I think that the origin may be a healthy envy or, on the positive side, the good example offered by those health professionals whom we applaud at 8 o'clock from our balconies. That generous work of endless conference at an intense pace, with a tremendous level of tension and assuming the risk of contagion itself, does not surprise us because we have seen it before and we usually "justify" it by attributing it to the fact that certain professions have a vocational component. By the way, it is not a question of making rankings but I have found particularly exemplary the decision of some caregivers to voluntarily lock themselves in nursing homes to protect "their elders". I was saying that it may not surprise us, but we do not fail to applaud and admire this sense of mission statement, this spirit of service, this awareness that the work they perform has a motive that goes beyond the noble purpose of being the means they have to earn a living. And as the example drags (it has already happened in the past), after this health crisis the issue of applications in the Schools of Medicine and Nursing will grow.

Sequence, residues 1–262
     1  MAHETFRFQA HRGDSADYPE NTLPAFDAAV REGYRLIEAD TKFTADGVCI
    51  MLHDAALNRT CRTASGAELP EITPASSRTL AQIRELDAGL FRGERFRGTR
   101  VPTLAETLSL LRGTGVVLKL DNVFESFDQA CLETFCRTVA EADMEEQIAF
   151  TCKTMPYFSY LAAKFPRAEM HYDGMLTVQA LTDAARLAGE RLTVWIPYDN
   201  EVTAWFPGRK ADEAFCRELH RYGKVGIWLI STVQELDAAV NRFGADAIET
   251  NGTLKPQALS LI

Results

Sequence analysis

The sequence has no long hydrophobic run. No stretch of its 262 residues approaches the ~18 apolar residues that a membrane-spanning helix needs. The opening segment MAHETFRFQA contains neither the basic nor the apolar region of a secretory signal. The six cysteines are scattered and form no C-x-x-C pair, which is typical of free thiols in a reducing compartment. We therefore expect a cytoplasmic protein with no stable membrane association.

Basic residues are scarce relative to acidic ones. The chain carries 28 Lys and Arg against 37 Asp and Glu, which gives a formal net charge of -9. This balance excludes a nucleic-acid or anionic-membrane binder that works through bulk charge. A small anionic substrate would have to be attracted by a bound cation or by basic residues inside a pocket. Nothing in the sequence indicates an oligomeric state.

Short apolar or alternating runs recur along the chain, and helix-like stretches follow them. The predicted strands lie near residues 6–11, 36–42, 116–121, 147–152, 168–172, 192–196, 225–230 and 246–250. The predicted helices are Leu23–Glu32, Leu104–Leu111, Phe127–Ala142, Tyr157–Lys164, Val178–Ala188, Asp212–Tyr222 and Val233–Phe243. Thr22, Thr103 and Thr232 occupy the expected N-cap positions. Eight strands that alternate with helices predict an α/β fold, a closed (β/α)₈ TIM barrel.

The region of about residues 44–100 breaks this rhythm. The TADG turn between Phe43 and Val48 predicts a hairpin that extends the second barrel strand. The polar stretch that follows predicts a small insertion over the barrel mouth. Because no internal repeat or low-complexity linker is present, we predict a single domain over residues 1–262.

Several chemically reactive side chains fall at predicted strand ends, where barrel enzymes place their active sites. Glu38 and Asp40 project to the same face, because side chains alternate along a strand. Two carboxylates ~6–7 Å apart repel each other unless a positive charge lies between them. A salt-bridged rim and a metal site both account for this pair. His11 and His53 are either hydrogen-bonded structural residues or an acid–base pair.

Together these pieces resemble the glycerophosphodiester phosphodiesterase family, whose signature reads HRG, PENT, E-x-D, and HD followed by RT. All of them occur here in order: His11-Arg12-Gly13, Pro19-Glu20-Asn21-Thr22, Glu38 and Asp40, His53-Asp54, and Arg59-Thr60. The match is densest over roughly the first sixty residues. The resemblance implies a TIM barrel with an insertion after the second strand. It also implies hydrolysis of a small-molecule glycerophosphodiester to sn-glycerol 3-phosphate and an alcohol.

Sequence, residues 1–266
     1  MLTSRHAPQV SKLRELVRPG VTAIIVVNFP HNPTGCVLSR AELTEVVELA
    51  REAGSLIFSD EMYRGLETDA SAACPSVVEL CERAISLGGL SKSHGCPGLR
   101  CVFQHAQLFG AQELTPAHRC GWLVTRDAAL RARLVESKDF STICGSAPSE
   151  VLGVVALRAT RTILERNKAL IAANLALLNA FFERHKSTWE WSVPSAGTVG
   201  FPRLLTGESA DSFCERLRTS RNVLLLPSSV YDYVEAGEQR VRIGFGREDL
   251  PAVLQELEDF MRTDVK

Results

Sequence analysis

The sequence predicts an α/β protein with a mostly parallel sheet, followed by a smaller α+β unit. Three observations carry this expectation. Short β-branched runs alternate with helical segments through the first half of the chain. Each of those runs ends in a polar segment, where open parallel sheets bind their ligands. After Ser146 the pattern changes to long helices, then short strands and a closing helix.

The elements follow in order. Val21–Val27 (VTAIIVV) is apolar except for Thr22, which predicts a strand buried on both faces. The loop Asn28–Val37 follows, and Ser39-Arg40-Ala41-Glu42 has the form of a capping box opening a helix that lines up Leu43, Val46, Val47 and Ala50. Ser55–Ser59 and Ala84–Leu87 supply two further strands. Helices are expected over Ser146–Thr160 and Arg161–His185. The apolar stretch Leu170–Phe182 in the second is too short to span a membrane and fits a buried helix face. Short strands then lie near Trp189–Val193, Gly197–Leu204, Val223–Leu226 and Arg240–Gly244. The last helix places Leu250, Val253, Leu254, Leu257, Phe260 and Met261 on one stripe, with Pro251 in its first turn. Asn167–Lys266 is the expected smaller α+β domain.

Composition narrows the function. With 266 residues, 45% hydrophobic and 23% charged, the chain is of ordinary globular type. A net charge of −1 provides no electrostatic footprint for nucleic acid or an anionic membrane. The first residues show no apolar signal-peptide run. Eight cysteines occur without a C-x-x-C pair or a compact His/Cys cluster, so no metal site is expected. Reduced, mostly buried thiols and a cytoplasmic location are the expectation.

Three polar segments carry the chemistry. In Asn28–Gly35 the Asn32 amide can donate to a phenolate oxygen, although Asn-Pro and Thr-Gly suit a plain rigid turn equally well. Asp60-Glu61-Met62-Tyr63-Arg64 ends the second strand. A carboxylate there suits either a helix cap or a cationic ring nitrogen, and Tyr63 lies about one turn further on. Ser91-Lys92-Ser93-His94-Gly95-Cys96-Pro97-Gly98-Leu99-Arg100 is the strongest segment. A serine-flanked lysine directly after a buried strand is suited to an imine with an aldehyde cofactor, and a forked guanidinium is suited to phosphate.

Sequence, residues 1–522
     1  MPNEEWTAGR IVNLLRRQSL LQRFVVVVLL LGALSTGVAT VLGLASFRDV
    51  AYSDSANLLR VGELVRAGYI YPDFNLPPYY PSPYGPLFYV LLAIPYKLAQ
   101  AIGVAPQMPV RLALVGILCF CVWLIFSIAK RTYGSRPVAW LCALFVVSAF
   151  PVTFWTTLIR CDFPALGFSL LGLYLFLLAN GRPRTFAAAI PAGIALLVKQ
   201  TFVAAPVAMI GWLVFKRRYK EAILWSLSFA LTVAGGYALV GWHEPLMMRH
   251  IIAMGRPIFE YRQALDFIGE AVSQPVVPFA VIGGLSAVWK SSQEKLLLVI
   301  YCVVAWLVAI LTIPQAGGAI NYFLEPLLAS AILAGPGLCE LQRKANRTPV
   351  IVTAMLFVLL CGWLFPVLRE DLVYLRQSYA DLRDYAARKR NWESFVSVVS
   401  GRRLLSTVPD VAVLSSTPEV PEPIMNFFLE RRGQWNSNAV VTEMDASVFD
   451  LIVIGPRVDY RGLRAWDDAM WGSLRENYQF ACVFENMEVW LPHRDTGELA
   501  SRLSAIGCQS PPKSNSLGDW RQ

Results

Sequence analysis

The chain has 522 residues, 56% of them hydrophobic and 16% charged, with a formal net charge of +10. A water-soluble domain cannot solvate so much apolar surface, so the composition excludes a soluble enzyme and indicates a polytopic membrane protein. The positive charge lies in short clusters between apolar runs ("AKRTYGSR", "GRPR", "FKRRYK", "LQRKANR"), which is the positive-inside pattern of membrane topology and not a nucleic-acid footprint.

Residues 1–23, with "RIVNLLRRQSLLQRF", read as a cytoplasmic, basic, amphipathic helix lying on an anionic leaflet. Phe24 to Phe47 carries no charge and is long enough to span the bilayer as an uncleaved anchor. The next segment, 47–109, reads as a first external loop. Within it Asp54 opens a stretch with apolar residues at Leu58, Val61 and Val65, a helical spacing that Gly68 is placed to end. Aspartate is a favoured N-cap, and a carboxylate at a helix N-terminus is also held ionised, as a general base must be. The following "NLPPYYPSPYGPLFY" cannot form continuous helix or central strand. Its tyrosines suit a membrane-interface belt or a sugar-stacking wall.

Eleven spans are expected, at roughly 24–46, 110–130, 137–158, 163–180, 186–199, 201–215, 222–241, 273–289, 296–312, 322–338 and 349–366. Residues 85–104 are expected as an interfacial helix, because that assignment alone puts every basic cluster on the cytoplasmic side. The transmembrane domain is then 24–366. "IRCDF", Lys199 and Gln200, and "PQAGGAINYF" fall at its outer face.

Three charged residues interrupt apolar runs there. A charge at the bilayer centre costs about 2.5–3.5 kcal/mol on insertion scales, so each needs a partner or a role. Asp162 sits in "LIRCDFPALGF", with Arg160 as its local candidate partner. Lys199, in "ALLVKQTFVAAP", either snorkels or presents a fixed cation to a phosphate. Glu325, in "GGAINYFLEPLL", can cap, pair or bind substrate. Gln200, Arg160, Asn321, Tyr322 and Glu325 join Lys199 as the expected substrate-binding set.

But the truth is that the sense of mission statement (we are seeing it every day) is not exclusive to a few professions. On the contrary, all work can be done in a spirit of service. In fact, it is not only healthcare professionals who receive tributes these days. Applause has reached pharmacists, police officers, members of the armed forces, ambulance drivers, transporters, stockers, supermarket cashiers, teachers, etc. The spirit of service that we see these days in so many workers reaches all professions... although not all professionals. And it is not in the what, but in the how, where the difference lies. How does one distinguish? It is not difficult. There are several characteristics common to all those who work in a spirit of service.